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Is Kyle Collinsworth going to win WCC Player of the Year?

Based on the historic tendencies of the WCC Player of the Year award, Kyle Collinsworth has an uphill battle if he is to win the honor.

Chris Nicoll-USA TODAY Sports

Kyle Collinsworth is one of the greatest players in BYU Basketball history. Fans are well acquainted with Collinsworth's accolades. BYU's all-time leader in assists. BYU's all-time leaders in rebounds. Top 15 in points. 2nd all-time in steals. Top 20 in blocks. Despite an ACL injury, Collinsworth is on track to finish 3rd all-time in minutes played. And, of course, Collinsworth's NCAA career record for 10 triple doubles.

Should Collinsworth collect another 43 rebounds, he'd be the 1st BYU player to join the 1,000 rebound club. He would do so as a point guard. Only 1 other guard has collected 1,000 rebounds in a career in the past 22 years joining Wofford's Tim Johnson. Collinsworth has a chance to be the first player to ever have 1,500 points, 1,000 rebounds, and 500 assists in his career.

Despite his tremendous career, and his very good senior season, there is a good chance that Kyle Collinsworth will not be named Conference Player of the Year. A noticeable absence on his legacy resumé.

11 BYU players have won CPOY honors. It is a who's who list. John Fairchild (64-65), Danny Ainge (80-81), Devin Durrant (82-83)*, Timo Saarelainen (84-85), Michael Smith (87-88), Mekeli Wesley (00-01), Rafael Araujo (03-04)*, Keena Young (06-07), Lee Cummard (07-08)*, Jimmer Fredette (10-11), Tyler Haws (13-14).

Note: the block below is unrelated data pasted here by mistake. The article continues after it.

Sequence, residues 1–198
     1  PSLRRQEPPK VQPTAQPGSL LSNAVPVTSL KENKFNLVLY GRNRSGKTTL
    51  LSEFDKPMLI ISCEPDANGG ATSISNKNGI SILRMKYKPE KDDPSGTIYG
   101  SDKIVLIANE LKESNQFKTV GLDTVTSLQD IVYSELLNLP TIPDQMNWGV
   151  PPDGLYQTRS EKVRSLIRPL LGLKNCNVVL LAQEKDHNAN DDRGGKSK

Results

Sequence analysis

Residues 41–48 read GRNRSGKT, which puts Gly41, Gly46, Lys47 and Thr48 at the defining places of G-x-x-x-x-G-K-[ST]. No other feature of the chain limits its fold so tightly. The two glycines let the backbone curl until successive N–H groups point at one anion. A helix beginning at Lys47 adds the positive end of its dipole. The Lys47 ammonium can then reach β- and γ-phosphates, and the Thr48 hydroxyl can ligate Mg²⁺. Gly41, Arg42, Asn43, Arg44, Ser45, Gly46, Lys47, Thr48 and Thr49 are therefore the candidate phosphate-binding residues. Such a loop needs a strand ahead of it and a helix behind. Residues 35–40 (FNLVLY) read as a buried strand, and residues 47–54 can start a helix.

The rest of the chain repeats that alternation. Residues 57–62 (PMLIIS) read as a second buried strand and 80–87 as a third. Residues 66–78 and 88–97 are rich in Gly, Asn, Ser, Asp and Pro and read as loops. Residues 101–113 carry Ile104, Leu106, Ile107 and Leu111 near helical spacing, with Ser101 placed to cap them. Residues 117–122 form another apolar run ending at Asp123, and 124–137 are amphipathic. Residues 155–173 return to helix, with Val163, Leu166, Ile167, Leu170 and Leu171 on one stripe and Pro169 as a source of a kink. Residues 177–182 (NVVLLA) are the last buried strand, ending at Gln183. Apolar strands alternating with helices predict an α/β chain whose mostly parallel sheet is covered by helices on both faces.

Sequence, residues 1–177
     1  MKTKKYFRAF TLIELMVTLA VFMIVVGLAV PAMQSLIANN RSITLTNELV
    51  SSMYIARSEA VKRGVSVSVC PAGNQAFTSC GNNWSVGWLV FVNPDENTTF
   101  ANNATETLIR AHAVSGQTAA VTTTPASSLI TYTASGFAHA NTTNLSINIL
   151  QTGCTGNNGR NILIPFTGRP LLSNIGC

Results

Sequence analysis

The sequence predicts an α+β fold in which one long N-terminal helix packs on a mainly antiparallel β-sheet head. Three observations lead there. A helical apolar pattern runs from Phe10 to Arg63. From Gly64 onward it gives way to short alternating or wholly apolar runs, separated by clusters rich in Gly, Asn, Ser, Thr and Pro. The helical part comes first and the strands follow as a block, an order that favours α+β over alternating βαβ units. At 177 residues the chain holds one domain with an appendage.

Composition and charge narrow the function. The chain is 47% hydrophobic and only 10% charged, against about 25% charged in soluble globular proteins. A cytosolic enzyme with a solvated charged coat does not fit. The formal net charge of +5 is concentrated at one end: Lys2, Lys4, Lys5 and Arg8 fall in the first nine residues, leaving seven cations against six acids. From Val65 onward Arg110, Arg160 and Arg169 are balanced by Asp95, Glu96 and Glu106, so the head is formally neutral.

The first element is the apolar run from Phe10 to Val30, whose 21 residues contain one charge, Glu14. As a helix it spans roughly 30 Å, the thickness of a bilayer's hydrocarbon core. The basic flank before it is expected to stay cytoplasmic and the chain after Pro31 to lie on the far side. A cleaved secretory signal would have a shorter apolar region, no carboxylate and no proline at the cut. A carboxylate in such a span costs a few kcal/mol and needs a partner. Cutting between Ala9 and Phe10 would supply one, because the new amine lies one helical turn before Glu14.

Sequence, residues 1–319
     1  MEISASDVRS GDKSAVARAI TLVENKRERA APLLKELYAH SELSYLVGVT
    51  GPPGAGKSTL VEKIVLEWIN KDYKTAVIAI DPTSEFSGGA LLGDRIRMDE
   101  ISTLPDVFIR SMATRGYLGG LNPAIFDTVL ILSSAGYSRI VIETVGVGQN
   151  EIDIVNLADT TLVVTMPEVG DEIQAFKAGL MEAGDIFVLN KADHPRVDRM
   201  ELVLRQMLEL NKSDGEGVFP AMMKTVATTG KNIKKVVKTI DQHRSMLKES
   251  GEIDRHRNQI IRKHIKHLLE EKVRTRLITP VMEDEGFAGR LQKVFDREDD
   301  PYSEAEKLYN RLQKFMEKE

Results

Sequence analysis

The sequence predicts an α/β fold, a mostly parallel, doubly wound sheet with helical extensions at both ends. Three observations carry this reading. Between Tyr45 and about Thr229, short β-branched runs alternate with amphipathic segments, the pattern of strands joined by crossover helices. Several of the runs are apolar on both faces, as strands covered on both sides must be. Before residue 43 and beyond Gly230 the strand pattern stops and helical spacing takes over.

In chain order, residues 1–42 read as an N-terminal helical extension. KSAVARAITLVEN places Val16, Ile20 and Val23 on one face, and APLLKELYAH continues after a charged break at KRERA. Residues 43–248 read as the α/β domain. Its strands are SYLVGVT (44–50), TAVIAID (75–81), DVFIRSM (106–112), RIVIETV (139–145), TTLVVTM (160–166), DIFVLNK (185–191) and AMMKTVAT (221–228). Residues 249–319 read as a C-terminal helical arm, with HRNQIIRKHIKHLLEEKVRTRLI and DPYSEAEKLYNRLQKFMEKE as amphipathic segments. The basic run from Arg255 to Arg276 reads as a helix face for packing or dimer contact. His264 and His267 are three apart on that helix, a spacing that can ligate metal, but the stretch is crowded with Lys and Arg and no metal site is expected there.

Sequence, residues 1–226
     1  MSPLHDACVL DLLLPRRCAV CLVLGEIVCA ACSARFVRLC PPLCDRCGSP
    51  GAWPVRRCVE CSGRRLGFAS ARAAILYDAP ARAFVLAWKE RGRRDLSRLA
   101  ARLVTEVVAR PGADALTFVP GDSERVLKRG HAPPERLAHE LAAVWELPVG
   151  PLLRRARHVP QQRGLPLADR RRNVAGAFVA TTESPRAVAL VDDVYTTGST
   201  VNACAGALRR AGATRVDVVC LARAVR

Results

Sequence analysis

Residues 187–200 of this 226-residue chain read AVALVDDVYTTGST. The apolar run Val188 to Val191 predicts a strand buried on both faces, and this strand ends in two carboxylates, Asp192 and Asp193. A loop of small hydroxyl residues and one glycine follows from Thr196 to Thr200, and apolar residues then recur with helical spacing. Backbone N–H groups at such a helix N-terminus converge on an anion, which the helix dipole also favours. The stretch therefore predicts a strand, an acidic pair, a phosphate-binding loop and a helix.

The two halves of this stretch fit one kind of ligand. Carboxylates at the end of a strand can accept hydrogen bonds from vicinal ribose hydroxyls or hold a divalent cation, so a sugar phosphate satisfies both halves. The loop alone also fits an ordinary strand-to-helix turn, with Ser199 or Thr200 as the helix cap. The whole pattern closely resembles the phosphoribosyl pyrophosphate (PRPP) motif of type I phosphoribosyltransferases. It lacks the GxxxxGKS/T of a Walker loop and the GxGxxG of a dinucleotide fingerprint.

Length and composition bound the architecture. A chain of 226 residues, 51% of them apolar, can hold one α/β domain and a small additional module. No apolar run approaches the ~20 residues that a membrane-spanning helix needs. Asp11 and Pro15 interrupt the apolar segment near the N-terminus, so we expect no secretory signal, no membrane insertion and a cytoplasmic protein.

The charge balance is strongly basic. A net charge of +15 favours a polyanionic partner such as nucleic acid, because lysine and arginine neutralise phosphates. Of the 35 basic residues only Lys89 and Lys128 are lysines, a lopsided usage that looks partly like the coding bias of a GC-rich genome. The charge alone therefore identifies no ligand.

*Co-Conference Player of the Year. Durrant shared the honor with San Diego State's Michael Cage and Utah's Pace Mannion, Araujo shared the honor with Air Force's Nick Welch. Cummard split the accolade with New Mexico's J.R. Giddens.

I began looking into the details -- history, preferences, tendencies, team performance, etc.-- of winning the WCC Player of the Year award to investigate if Collinsworth would be able to win it this season. Here is what I found.

Being on the championship team matters. In the last 15 years, West Coast Conference Player of the Year has been awarded to a member of a regular season championship team 13 of 15 years. Tyler Haws was able to win the award by averaging a league best 23.2 points per game for the Cougars in the 2013-14 team that was tied for 2nd in conference play. Santa Clara's John Bryant won in 2008-09 on his 7-7 record, 4th place team. Bryant was a monster in the middle for the Broncos and a nightmare for WCC opponents. He was 2nd in scoring per game (18.1), 1st in rebounds per game(14.2), and 1st in blocks per game (2.5). It took that awesome season to overcome his team finishing 4th to win the honor. In 2006-07, Sean Denison was allowed to share the award with champions Gonzaga's Derek Raivio despite his Santa Clara team finishing 2nd in WCC play. Furthermore, if a team finishes the season ranked, a member of that team is awarded 100% of the time. So despite the WCC Player of the Year being an individual award, it has more often than not been a product of team achievement.